April Fool’s Day Jokes seem like harmless fun. A little blue milk here…a little funny-colored water there…what can it hurt? Even if you get a little more complicated with your jokes, it’s a day of good-natured teasing—and hey, it’s Fred and George Weasley’s favorite day of the year! What’s the harm in enjoying the fun?
There are pros and cons to both types of behavior. If you have normal kids, then more than likely, you can enjoy a few April Fool’s jokes with a smile on your face and a laugh in your heart. On the other hand, if you have a high-needs kid, you may discover that it’s better to set the holiday aside all together, with clear expectations that your children will not be engaging in any of those harmless pranks.
Your child may not understand where to draw the line. What you consider to be a harmless joke is, of course, something that does not permanently damage either anyone or anything. On the other hand, what your high-needs child considers to be “harmless” could have lasting repercussions for your family members or your belongings. Sometimes, high-needs kids just don’t know where to draw the line, and it’s easier to draw a hard one ahead of time—absolutely no jokes, whatsoever, no matter what—than it is to explain what kinds of jokes might or might not be acceptable later.
Your child might not understand. Some things are funny: the colored milk mentioned above; fingernail polish on a bar of soap, rendering it unusable; gluing something to a table. On the other hand, many parents choose to play elaborate “jokes” involving, essentially, lying to their children. For example, you might tell your kids that you’re going to a theme park or a movie later in the day, only to shout out, “April Fool’s!” when they ask about it. A normal child might be slightly disappointed, but will quickly get over it. A high-needs child may dwell on that disappointment for hours or even days—and it can have a negative impact on behavior for at least that long.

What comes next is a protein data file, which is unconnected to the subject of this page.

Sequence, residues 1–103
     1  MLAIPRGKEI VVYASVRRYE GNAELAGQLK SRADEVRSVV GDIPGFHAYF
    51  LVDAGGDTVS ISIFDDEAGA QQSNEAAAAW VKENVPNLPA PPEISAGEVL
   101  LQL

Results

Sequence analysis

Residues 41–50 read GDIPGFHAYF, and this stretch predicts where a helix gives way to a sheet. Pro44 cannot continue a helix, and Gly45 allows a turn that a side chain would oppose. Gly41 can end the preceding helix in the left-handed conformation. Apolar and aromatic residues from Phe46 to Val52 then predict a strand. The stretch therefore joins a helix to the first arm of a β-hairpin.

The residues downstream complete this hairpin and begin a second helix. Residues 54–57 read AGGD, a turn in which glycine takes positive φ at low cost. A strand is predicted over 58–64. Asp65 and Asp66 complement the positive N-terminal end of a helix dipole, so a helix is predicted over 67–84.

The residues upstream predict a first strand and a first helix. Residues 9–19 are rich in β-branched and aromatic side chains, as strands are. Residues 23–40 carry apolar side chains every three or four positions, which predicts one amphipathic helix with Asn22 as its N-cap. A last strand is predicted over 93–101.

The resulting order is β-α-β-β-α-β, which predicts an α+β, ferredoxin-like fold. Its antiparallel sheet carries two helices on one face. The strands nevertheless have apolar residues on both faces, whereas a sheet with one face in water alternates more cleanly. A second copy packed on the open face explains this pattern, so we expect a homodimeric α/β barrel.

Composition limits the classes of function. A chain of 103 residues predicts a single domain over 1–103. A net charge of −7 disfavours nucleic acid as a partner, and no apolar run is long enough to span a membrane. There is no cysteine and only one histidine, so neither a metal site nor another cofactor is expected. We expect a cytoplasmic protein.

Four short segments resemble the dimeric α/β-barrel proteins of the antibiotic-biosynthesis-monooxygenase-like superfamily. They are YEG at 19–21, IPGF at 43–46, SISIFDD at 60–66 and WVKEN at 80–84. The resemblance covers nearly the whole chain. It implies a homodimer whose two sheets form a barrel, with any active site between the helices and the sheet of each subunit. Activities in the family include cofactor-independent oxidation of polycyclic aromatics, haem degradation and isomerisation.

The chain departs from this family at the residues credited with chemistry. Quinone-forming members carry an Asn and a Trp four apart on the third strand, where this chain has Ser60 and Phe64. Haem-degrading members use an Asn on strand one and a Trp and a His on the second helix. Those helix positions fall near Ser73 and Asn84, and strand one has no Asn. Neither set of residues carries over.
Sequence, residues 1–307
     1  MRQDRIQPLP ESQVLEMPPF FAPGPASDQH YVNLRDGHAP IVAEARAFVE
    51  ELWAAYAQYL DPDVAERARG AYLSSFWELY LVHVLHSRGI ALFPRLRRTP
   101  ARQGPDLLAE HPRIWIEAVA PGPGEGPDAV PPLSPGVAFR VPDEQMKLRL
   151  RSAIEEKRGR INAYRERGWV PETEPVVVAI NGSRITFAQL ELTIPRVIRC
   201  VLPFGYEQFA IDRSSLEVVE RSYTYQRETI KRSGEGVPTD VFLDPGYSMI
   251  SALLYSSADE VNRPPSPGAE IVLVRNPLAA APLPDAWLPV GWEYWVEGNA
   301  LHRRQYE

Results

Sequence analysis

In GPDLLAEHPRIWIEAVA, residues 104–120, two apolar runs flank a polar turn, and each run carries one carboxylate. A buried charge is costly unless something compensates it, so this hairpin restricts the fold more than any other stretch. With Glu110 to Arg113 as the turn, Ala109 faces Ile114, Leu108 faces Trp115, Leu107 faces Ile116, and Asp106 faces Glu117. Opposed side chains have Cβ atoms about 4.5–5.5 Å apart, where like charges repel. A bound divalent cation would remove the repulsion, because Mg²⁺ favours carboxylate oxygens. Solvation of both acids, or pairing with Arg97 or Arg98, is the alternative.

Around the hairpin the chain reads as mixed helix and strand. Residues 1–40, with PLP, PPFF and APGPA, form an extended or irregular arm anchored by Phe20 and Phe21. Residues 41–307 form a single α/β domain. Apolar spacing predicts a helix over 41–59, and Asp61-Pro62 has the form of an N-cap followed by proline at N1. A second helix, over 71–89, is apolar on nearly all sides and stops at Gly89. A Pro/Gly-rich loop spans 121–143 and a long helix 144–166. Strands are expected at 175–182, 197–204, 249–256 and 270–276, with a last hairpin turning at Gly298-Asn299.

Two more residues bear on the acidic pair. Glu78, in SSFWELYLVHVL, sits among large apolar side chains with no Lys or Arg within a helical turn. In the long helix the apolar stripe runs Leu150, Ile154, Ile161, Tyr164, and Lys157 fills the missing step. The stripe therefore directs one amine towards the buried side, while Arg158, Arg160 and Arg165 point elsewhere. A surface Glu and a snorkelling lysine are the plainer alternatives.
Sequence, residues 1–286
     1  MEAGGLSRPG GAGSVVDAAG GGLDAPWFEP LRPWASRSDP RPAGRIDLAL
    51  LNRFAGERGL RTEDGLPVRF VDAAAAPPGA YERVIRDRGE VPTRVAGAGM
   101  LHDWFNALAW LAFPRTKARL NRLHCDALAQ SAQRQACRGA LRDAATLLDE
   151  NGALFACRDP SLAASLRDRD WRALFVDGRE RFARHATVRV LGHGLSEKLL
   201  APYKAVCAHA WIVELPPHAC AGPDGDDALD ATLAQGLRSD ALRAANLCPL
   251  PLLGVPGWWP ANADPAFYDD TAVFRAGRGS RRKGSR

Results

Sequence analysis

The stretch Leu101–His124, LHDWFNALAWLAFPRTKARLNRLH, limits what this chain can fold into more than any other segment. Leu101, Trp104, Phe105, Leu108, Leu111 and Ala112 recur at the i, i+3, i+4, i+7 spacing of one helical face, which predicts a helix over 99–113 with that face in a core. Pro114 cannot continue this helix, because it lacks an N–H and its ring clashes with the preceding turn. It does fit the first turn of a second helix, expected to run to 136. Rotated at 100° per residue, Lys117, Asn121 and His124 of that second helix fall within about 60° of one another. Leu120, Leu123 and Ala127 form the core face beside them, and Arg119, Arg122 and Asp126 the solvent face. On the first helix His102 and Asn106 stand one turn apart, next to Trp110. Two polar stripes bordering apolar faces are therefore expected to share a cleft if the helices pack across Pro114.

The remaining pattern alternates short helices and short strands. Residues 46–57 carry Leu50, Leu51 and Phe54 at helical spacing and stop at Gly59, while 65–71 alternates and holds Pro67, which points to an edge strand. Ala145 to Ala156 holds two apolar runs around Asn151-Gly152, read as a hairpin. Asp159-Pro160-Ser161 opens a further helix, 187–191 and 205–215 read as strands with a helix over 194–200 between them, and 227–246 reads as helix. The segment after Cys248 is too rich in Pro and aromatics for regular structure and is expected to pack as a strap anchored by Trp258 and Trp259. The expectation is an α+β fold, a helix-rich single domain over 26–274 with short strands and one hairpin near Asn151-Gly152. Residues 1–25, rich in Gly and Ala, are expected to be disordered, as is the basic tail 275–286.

Do you really want to deal with the behavioral implications? High-needs kids thrive on routine. Your entire day is built around the fact that they need predictable behaviors—and the entire point of April Fool’s jokes is that they can’t be predicted. If you expose your child to these jokes, they’re as likely to cause an explosion as they are to create some good-natured fun.
Ultimately, the decision is yours. It’s your child, and you know them better than anyone else does—but be sure that you carefully consider the implications before you go through with it. Remember: it’s only funny if everyone is laughing.